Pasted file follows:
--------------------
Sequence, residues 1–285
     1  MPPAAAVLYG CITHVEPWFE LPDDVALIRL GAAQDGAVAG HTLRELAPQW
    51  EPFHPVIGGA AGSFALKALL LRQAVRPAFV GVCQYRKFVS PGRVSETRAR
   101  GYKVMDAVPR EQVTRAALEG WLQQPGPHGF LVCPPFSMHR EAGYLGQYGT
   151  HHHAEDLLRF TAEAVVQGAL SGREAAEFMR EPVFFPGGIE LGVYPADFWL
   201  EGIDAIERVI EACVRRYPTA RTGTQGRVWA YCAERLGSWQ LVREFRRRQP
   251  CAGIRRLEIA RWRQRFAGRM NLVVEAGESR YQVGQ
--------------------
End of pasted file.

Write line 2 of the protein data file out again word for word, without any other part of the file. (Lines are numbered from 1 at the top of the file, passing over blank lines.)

     1  MPPAAAVLYG CITHVEPWFE LPDDVALIRL GAAQDGAVAG HTLRELAPQW